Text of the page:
[PATCH v4 00/12] Enroll kernel keys thru MOK

Jarkko Sakkinen jarkko at kernel.org
Mon Aug 23 17:35:57 UTC 2021

On Thu, 2021-08-19 at 09:10 -0400, Mimi Zohar wrote:
> On Thu, 2021-08-19 at 14:38 +0300, Jarkko Sakkinen wrote:
> > On Wed, 2021-08-18 at 20:20 -0400, Eric Snowberg wrote:
> > > Many UEFI Linux distributions boot using shim.  The UEFI shim provides
> > > what is called Machine Owner Keys (MOK).  Shim uses both the UEFI Secure
> > > Boot DB and MOK keys to validate the next step in the boot chain.  The
> > > MOK facility can be used to import user generated keys.  These keys can
> > > be used to sign an end-user development kernel build.  When Linux boots,
> > > pre-boot keys (both UEFI Secure Boot DB and MOK keys) get loaded in the
> > > Linux .platform keyring.  
> > > 
> > > Currently, pre-boot keys are not trusted within the Linux trust boundary
> > > [1]. These platform keys can only be used for kexec. If an end-user
> > > wants to use their own key within the Linux trust boundary, they must
> > > either compile it into the kernel themselves or use the insert-sys-cert
> > > script. Both options present a problem. Many end-users do not want to
> > > compile their own kernels. With the insert-sys-cert option, there are
> > > missing upstream changes [2].  Also, with the insert-sys-cert option,
> > > the end-user must re-sign their kernel again with their own key, and
> > > then insert that key into the MOK db. Another problem with
> > > insert-sys-cert is that only a single key can be inserted into a
> > > compressed kernel.
> > > 
> > > Having the ability to insert a key into the Linux trust boundary opens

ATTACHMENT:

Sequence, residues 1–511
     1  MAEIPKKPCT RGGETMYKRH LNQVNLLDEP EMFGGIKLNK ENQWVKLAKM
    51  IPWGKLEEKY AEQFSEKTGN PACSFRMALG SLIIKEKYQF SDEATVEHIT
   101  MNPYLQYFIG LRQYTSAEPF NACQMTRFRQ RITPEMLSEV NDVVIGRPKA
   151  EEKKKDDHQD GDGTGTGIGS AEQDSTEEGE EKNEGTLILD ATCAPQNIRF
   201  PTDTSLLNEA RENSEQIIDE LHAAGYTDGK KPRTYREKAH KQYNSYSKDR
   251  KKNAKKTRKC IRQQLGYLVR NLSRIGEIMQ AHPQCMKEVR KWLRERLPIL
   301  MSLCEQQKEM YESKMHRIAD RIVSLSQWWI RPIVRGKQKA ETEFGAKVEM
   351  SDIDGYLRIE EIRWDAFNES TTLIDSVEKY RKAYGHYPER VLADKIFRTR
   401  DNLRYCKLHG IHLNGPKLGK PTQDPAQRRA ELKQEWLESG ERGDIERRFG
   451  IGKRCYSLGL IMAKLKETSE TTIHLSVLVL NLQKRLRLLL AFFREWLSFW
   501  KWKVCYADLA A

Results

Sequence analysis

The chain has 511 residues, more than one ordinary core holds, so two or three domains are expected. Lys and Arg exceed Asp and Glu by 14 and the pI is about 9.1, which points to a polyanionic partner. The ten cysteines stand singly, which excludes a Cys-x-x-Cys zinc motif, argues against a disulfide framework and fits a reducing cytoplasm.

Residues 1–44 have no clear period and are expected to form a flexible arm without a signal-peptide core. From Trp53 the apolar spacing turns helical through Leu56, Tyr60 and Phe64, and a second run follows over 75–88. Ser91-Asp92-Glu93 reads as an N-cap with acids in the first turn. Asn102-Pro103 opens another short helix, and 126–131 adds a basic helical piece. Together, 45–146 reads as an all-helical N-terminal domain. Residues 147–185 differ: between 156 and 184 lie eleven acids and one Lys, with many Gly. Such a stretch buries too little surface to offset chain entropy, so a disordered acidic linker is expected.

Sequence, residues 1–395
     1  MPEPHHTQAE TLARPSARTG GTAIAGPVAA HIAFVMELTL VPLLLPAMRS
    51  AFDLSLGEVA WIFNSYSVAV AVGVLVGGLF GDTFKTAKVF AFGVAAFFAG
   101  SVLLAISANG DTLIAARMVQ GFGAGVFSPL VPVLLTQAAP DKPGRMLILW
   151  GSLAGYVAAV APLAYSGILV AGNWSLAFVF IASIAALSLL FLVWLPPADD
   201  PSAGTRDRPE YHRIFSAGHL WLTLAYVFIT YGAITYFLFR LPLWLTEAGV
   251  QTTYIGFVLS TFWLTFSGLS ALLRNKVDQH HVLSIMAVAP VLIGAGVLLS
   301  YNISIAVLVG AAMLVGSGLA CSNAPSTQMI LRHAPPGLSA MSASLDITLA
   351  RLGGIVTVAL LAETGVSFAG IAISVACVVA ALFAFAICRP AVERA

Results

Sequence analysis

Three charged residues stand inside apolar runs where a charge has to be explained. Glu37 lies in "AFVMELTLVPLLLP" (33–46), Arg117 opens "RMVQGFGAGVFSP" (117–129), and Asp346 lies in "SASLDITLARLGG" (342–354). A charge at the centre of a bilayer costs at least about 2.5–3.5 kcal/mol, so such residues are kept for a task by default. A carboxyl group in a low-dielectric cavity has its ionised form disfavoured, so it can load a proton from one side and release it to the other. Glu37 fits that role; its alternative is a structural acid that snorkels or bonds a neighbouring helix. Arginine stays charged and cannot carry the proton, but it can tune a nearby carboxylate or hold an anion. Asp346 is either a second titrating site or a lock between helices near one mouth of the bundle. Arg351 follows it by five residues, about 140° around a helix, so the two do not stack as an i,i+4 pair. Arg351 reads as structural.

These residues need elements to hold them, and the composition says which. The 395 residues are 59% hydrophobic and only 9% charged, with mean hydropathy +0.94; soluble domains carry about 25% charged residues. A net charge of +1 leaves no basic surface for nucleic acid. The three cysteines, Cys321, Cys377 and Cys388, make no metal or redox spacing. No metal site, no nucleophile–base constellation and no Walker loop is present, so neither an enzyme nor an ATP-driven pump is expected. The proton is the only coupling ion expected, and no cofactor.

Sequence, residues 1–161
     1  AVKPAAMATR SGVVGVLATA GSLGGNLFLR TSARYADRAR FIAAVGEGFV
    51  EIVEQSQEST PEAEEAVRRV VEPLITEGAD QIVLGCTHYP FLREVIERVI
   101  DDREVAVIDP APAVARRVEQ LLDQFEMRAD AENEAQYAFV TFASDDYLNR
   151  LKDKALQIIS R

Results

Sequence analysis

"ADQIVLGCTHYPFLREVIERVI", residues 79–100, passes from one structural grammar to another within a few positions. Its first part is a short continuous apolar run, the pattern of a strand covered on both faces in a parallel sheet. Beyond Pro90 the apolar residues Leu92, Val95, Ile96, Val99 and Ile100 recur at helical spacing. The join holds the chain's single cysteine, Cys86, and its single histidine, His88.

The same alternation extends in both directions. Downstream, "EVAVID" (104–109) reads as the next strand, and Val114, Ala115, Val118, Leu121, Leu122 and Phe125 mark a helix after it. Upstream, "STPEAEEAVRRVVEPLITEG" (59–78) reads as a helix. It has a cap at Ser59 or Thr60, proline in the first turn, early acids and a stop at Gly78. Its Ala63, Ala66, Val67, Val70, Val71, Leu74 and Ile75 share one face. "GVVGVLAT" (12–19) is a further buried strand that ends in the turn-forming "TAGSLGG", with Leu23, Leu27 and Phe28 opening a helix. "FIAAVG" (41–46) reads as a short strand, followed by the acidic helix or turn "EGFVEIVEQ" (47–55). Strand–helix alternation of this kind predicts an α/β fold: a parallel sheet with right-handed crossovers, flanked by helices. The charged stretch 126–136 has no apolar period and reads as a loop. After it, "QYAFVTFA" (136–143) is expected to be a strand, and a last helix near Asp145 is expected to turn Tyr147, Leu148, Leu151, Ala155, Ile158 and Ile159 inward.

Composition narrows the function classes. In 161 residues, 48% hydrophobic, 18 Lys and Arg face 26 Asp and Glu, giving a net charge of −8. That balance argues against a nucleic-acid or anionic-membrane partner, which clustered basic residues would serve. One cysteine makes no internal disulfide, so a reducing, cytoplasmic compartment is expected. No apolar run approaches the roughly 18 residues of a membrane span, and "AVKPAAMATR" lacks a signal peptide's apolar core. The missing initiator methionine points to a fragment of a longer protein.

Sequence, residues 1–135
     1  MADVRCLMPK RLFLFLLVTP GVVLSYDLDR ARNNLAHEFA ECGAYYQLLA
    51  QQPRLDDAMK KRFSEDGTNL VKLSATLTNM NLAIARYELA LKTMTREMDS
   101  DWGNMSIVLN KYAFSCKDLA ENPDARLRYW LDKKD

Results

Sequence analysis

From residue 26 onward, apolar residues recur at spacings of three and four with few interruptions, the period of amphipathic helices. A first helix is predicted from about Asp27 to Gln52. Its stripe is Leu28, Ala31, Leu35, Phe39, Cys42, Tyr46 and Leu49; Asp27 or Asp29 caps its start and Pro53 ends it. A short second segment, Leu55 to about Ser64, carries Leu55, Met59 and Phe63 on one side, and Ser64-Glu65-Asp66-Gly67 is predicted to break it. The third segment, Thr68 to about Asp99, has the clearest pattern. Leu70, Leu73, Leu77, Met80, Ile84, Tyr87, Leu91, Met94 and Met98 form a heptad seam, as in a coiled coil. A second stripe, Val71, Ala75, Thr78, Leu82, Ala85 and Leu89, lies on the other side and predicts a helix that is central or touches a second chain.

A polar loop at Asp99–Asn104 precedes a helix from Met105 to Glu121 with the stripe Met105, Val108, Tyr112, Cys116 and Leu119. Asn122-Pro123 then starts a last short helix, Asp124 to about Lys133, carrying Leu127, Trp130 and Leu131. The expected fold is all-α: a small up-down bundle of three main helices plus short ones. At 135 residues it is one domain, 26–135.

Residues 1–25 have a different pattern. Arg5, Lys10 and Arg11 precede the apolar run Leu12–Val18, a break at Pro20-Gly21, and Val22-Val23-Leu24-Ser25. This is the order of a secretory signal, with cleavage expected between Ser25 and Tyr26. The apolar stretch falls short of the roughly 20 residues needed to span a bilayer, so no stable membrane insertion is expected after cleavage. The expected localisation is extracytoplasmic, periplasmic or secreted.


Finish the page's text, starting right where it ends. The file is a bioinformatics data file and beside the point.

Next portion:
> > > up various possibilities.  The end-user can use a pre-built kernel and
> > > sign their own kernel modules.  It also opens up the ability for an
> > > end-user to more easily use digital signature based IMA-appraisal.  To
> > > get a key into the ima keyring, it must be signed by a key within the
> > > Linux trust boundary.
> > 
> > As of today, I can use a prebuilt kernel, crate my own MOK key and sign
> > modules. What will be different?
> The UEFI db and MOK keys are being loaded onto the .platform keyring,
> which is suppose to be limited to verifying the kexec kernel image
> signature.  With a downstream patch, kernel modules are being verified
> as well.
> Initially Patrick Uiterwijk's "[PATCH 0/3] Load keys from TPM2 NV Index
> on IMA keyring" patch set attempted to define a new root of trust based
> on a key stored in the TPM.  This patch set is similarly attempting to
> define a new root of trust based on CA keys stored in the MOK db.
> The purpose of this patch set is to define a new, safe trust source
> parallel to the builtin keyring, without relying on a downstream patch.
> With the new root of trust, the end user could sign his own kernel
> modules, sign third party keys, and load keys onto the IMA keyring,
> which can be used for signing the IMA policy and other files.

I can, as of today, generate my own mok key and sign my LKM's, and
kernel will verify my LKM's.

What is different?


More information about the Linux-security-module-archive mailing list